Considering the restrictions put in place that prioritize the health, safety and well-being of the campus community, Stevens says she believes Eastern is handling the pandemic well.
“The University keeps us informed and is taking the necessary precautions,” she says. “And the students are doing their part by being really responsible. We look out for each other, and are doing all we can to stay safe so we can hopefully be a little closer to normal for the fall 2021 semester.”
EMU President James Smith agrees. "I greatly appreciate the ongoing adjustments among our students, faculty and staff in what remains a very fluid and ever changing situation due to the pandemic," Smith says. "Our overall number of cases remains lower than most of our peer universities in the state, and this is due to how our students protect one another by wearing face coverings, maintaining physical distancing and following our #EMUSafe protocols."
When the pandemic began, EMU President James Smith joined other university presidents in a video to encourage students to stay strong.
Responding to community needs
As Eastern has adapted to help stop the spread of the coronavirus, some things remain the same, particularly the University’s commitment to community engagement by helping people and organizations in need.
One of the most pressing issues early in the coronavirus crisis was a shortage of personal protective equipment (PPE) for healthcare workers. At a time when doctors and nurses treating coronavirus patients resorted to wearing bandanas and trash bags, Eastern came through with supplies:
- The University donated more than 100,000 items of equipment, including gloves, masks, gowns, bleach, wipes, goggles and material for face shields to hospitals struggling to treat patients during the pandemic.
- Students, faculty and staff from the Theatre Department turned materials from its costume shop into cloth masks for donation to hospitals.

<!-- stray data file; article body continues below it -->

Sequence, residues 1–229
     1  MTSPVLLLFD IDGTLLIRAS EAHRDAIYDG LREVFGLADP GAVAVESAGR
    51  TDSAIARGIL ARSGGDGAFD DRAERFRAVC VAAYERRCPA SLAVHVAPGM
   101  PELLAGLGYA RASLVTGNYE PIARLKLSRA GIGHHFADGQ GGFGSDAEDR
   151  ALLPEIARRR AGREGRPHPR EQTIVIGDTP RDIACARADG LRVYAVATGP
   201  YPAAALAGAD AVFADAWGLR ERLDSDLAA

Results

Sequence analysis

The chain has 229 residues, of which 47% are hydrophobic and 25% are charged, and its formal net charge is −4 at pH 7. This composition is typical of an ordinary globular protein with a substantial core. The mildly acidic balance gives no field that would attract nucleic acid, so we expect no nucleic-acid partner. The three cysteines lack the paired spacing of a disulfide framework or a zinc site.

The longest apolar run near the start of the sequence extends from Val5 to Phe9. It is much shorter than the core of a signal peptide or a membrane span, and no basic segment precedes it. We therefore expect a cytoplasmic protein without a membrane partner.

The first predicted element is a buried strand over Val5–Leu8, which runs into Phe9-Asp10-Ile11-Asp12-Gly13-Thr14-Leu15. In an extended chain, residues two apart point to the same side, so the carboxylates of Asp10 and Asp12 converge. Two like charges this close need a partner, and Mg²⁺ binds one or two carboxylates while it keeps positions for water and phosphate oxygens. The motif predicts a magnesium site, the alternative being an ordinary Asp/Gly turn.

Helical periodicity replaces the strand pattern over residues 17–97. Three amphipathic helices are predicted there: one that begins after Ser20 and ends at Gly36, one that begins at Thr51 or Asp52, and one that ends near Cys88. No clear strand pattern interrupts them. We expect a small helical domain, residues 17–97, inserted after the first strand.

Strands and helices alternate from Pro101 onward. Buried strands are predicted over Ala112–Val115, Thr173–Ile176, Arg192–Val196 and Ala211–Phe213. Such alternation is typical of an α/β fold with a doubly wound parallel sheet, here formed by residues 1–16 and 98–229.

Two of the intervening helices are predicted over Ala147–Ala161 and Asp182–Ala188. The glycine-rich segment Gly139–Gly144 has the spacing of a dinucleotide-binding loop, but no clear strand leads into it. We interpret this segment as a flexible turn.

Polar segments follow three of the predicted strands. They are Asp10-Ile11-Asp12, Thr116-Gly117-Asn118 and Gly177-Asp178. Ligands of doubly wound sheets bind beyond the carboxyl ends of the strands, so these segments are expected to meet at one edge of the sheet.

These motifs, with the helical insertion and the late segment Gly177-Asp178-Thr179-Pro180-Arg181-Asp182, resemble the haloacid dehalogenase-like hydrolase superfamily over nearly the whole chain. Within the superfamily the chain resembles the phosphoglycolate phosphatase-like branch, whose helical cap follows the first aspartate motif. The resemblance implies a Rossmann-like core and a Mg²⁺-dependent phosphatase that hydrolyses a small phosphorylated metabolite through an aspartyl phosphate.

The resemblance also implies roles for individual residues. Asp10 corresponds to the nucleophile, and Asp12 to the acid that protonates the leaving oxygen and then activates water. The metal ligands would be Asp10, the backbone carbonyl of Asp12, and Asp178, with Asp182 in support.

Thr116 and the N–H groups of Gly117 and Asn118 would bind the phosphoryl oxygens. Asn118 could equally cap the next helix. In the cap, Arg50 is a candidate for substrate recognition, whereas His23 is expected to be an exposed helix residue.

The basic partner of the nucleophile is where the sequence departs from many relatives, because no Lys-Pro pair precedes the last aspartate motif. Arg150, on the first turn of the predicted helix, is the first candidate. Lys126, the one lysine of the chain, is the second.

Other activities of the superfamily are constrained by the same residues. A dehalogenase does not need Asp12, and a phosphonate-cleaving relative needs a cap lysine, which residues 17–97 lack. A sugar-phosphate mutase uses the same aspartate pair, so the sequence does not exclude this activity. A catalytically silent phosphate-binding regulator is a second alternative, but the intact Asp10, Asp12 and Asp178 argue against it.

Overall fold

- Julie Becker, associate professor of apparel, textiles and merchandising, worked with Applied Textiles of Grand Rapids to launch an initiative to create 20 million masks.
- The Engage@EMU PPE project produced 2,500 masks, 625 of them child-sized, for the City of Ypsilanti to distribute to those in need.
In addition, faculty in the College of Engineering and Technology built plastic intubation boxes for donation to hospitals; EMU police officers made Meals on Wheels deliveries; students, faculty, staff and alumni helped staff drive-through coronavirus testing stations; and the University provided temporary living arrangements at the Village Apartments to health care workers at St. Joseph Mercy Ann Arbor and IHA, a subsidiary of Saint Joseph Mercy Health System.
In February 2021, the Washtenaw County Health Department and St. Joseph Mercy Ann Arbor hospital announced that EMU's Convocation Center would be the site of a mass COVID-19 vaccination clinic that allows large numbers of people to be vaccinated at one central location.
In these and numerous other ways, Eastern’s actions exemplify its recent designation by the Carnegie Foundation as an institution with exceptional community engagement.
“I continue to be amazed by our University colleagues and the great support we provide to the community,” President Smith says. “Such an effort is embedded in our mission, but to see our stated values play out in real, daily actions is gratifying, and sends a message about Eastern’s character and purpose.”
Go to the EMU Coronavirus Preparedness and Planning website to see weekly messages from President Smith.